I planned to write about the journey between first breath underwater, to rescue diver—
Truth is, I didn’t quite make it.
Not yet, at least.
I couldn’t sleep on my ear for the last few nights; upon every instinctual switch of sleeping sides, the pillow pushed the swollen lump of fluids deeper, deeper, squished against my brain. Every brush around the ear-cavity skin inflamed it just a little more.
But I’m a diver—
People get water in their ears. People get earaches. Bettina was just telling me this morning: I feel sick, congested, I’m nervous to dive.
Don’t be nervous, I said. It’s fine. I’ve dove with a cough. Clients dive with colds.
But little did I know..
Oh, so little, did I know.
Gear intact and connected, I rolled backward off the side of the boat. My inflamed ear canal ballooned, and effectively blocked the water—that’s great, right?
Water pressure weighed heavier, and heavier..
But my ear was good.
Actually, I couldn’t feel anything at all.
Slight ascends, slight descends, search and recovery success—rescue dive practice.
Then the final ascent– I was tugging Jess’ “unresponsive” body.
I approached limp Jess, floating mindlessly, while clapping underwater.
I assessed her unconsciousness—my fingers wrapped around her BCD chest strap, and I leveraged it, spinning her body. Her tank wedged between my knees, I reached over her left shoulder and deflated her BCD. She sank.
I looped my arm underneath her left armpit, and gently secured the regulator in her mouth. Two bodies attached—we sank, then I kicked and we floated, and we sank, then I nursed my inflator hose and we floated.
Up and down, until the air in my BCD enabled a final, gradual ascent of doublebodies—
Upon breaking the surface, my ear screeched.
It cried a little bit.
But I reached over her shoulder, and inflated her BCD and mine. Georgia’s voice echoed in the back of my mind, behind its wimpers.
Just follow that voice, I thought—the pain will subside.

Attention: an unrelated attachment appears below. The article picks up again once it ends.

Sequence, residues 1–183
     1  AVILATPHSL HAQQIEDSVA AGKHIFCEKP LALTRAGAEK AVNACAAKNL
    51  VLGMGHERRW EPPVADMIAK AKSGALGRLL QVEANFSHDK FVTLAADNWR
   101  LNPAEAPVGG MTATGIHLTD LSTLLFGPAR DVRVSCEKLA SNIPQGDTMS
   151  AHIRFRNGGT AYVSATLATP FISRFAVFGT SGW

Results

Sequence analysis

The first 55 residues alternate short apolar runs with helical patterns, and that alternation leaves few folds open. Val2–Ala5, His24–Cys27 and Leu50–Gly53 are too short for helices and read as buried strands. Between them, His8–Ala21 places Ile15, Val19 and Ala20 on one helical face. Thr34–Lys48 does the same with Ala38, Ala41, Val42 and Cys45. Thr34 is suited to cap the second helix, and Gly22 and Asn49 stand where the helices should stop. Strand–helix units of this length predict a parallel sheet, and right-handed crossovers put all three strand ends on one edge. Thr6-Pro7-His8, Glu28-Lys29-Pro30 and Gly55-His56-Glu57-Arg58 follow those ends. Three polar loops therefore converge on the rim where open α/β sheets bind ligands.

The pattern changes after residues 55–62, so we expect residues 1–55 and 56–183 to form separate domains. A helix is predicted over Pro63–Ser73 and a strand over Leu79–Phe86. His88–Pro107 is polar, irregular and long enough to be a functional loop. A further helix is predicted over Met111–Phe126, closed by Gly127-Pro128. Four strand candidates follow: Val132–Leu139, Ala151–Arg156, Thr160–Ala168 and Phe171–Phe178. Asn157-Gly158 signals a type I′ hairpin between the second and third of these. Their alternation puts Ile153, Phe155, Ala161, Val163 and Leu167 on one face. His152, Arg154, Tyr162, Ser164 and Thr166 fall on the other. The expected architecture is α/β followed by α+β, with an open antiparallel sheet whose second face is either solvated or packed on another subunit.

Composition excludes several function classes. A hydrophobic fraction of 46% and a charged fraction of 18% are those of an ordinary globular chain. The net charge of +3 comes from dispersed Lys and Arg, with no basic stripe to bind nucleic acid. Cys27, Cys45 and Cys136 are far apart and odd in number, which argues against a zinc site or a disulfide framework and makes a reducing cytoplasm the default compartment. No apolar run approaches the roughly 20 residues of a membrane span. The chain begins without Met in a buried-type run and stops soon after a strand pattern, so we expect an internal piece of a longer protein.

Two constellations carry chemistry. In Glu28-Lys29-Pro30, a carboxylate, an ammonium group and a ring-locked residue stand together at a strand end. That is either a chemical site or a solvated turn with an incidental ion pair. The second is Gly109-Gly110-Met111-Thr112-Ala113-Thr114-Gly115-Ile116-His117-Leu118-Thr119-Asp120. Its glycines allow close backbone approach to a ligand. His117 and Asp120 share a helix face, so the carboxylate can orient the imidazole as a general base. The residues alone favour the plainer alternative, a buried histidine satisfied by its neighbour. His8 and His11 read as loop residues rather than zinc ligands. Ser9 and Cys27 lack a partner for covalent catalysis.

Floating on the surface—one hand under Jess’ tank, my other palm on her forehead with fingers pinching her nose, I high-treaded and struggled to blow two rescue breaths into her mouth. But between that electric drill digging deep, into the crevices behind my brain, visual things became fuzzy..
So there’s a mask now, see-through plastic over her mouth.
So breathe– one thousand, two thousand, three thousand, prepare..
..but breathe. PHEW. Hmph it out.
One thousand, two thousand, three thousand, prepare..
Try to ignore me, it screamed.
You can’t ignore me.
And after that, I couldn’t.
My ear continued to screech, and howl, and I felt the bubbles like kidney stones boil through my blood. Through my sinus passages in depths of my head. And I couldn’t do anything, but just sit there, and feel it.
The tension squandered my mind, creased my eyes and forced them into slits.
And I felt the drill dig deeper, then deeper, creating a passage for those bubbles in the crevices of my mind. I layed, I walked. Painful energy emitted from my body—I released it through constant movement, adrenaline, continually fueled by the pulsing ache.
I thought it would go away.
But I kicked my legs, and clenched my teeth, and tightened my fists. And let the tears run and slip behind hands that shaded desperate expressions.
..And finally, it did. Go away. It disappeared.
But I took away something—
Despite my squinted eyes, and inflamed ears, body expanding with pain pressure.
I managed to laugh.
I managed to smile.
I managed to have grace with myself.
My ear told me that sometimes, people need a break. And it’s not weak.
I want to dive—I want to be in the water.
Taking a break—does not invalidate this passion, or dedication.
Admist the ache, and the pain—I feel this passion.
This desire to float weightless, amidst the underwater creatures.
And this dumb earache can’t take that passion away.
Diving isn’t to blame for an incident like this—
I need to take responsibility.
To take a break.
To respect my body.
So although I may need to rest, I will- because my rest, is my fight—my fight to continue. My fight to dive.